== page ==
Monday, January 9, 2012

Some changes for the New Year

First, regular viewers of the Mapping Project will notice the addition of a new marker on the maps: an outline of a male or female figure in white. In the western legal tradition, a person is presumed innocent until proven guilty in a court of law and it is on this basis that we map the executions in Mexico--as a red balloon marker for all civilians, regardless if they are said to be "bad guys" by the government, the military, the police or the press. However, it was raised as an issue (by some viewers) about those who are, without doubt, innocent: the weeks-old baby, the 4-year-old girl or the woman driving in her car who is caught in the crossfire of a gang shoot out. For these undeniable cases we will now include this new marker. The use of the red balloon markers, however, still does not indicate the culpability of the person who dies, that is not for us to decide, rather the marker only indicates that there was a death that was related to organized crime/narco activity.

Second, the weekly count that we have been displaying (here: has been based upon the numbers provided by La Reforma, a respected newspaper whose research is used by many academics and researchers. For the overall total (now at 54,432) We have calculated the dead from the base number provided by the last government report in January 2011 (34,612 people killed in narco-related violence since Dec 2006 -- see my blog here for details) and then adding La Reforma's weekly updates. As of January 1, 2012 this will change, as we will now provide the updated figures based upon our own research with the data available on our public maps, for all to scrutinize. The reason for this is that we cannot challenge or check La Reforma's methodology, and unless you are a subscriber to their paper (as well as able to read Spanish) you cannot even obtain access to these numbers.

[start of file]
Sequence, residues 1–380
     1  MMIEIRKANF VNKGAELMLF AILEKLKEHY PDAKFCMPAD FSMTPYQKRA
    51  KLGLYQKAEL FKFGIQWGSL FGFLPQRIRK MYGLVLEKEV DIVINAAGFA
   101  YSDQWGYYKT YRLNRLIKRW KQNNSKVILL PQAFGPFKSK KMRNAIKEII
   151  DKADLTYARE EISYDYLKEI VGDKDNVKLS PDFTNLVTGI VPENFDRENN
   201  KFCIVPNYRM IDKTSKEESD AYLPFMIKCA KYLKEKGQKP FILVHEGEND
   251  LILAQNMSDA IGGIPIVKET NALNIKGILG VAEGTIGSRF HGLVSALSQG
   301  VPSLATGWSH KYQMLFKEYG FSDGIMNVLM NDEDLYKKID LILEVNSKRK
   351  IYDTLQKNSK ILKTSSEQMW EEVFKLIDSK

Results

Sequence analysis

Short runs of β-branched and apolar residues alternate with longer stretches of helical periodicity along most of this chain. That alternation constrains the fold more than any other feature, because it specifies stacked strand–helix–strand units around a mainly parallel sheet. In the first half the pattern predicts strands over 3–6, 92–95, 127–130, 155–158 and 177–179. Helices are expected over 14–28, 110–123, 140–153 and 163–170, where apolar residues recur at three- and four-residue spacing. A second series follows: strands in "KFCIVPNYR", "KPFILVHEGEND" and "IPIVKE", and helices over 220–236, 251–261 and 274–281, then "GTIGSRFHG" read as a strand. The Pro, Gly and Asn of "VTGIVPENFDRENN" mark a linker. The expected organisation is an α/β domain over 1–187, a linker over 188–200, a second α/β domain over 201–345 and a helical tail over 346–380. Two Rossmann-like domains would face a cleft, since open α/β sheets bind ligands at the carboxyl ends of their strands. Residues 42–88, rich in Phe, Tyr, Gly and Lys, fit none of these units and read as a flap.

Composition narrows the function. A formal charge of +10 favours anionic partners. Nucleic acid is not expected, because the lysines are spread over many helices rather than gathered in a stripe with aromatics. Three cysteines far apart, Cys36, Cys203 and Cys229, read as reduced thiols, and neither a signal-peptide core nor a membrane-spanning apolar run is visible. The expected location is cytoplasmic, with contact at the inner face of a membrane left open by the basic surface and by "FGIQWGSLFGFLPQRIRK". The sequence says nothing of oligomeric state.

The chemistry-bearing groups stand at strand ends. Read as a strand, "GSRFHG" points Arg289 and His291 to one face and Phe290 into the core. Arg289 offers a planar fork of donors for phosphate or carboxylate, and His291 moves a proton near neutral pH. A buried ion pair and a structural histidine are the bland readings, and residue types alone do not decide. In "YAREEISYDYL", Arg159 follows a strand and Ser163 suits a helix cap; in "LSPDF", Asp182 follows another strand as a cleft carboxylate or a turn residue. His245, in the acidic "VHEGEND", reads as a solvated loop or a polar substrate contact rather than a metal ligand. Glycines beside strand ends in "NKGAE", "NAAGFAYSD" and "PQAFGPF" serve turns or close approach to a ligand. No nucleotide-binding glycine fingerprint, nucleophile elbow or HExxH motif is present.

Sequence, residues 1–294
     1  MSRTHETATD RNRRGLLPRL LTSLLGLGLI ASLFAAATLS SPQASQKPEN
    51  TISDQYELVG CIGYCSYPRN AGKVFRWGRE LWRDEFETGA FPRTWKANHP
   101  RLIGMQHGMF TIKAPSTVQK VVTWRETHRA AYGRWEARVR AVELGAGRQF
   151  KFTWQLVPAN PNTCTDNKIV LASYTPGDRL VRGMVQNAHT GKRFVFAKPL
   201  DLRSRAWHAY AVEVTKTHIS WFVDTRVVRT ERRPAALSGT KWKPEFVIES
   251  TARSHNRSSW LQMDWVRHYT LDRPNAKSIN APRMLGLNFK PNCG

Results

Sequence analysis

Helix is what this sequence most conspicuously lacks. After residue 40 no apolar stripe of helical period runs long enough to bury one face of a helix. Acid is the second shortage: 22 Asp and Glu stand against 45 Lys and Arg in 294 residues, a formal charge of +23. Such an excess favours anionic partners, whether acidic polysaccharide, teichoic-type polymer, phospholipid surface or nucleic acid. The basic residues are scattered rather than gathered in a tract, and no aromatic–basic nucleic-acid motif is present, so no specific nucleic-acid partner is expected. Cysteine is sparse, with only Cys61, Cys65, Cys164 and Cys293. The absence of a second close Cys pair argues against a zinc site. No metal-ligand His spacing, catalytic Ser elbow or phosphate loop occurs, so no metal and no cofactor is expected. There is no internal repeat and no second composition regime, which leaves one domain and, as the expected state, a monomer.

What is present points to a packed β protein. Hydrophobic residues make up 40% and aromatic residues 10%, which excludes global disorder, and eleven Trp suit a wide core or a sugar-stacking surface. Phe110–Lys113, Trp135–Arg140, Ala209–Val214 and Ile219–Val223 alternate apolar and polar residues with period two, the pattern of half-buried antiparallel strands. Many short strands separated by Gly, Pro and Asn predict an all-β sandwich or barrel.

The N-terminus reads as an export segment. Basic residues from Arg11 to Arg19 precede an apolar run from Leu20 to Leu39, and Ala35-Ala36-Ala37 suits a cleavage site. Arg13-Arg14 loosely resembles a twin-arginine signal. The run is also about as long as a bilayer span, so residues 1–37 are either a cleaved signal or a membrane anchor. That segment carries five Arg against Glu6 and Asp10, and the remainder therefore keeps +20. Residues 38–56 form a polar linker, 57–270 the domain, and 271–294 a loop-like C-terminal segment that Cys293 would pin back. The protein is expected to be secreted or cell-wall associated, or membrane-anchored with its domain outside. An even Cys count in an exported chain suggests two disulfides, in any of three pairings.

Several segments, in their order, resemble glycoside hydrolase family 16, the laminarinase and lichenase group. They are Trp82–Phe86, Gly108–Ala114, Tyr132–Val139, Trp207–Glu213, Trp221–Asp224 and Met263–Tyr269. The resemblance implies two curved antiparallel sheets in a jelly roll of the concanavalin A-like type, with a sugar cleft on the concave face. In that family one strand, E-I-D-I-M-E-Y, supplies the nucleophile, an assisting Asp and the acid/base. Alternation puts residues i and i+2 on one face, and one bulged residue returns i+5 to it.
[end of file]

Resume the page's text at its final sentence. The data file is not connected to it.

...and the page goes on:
Morally, it is somewhat reprehensible that such data (concerning the havoc that is occurring in Mexico) is, firstly, not collected and made widely available by the government in a transparent and timely fashion and, secondly, that private agencies tie this important data to a subscription model...making a tangential profit off of the grief and misery of others. The Mapping Project will now address both of these issues--all data collected is displayed on public maps and the count maintained and updated weekly, free for the viewing. Full Disclosure: I do maintain a database of the collected data as well, but any analysis will be fee-based (we have to pay for this service in some fashion).

For a map of the killings: click: Narco-killings
Website: WM Consulting

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